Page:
How bad are Wall Street analysts? Pretty bloody awful is the simple answer. On Monday, the Wall Street Journal ran this most remarkable story"

After all the post-bubble scandals involving analysts who recommended stocks they knew were troubled, you would think that Wall Street analysts would be doing a better job of picking stocks.

You would be wrong.

As has been the case in past years, stocks with large proportions of "sell" recommendations from Wall Street analysts have lately performed better than those with plenty of "buy" or "hold" ratings and no sell ratings at all, according to an analysis by Zacks Investment Research in Chicago, done for The Wall Street Journal. In fact, the stocks with sell recommendations have widened their lead since the stock bubble burst in 2000.

It might seem surprising that the stocks that Wall Street hates would do better than the ones it loves, but it makes a certain amount of sense.

Contrarian investors actually look around for stocks with a lot of sell recommendations, and, if the company looks likely to survive, they buy. The reason is simple: Wall Street analysts hate to tell clients to sell. They avoid lowering their recommendation on a stock until after something bad has happened, when the stock already has fallen.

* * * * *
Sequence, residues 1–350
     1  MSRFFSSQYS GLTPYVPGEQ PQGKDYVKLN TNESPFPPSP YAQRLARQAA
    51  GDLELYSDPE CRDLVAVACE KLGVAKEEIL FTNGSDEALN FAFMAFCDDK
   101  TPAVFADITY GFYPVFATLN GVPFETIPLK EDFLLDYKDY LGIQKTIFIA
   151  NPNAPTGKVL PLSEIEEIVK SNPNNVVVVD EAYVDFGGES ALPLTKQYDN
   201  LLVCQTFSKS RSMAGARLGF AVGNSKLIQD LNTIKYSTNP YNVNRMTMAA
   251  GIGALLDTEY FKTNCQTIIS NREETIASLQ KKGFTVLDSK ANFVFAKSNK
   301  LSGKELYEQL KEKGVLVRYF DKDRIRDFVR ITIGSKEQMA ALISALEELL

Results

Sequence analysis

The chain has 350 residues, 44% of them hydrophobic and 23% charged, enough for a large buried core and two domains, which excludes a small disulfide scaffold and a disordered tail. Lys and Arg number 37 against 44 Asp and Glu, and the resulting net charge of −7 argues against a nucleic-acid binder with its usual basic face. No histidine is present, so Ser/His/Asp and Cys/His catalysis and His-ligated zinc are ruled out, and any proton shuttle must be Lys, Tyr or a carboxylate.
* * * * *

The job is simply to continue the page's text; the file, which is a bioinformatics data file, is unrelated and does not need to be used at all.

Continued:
"I have noticed it and I frequently buy stocks when they have sells on them," says Robert Marcin, who runs a hedge fund called Defiance Asset Management in Conshohocken, Pa. "By the time analysts get around to putting sells on stocks, the stocks are probably primed to perform well."

Mr. Marcin recalls speaking with an analyst last year about home builder KB Home, on which the analyst had an "underperform" rating -- a nice name for a sell. "It is up 100% since I spoke" with the analyst, he says.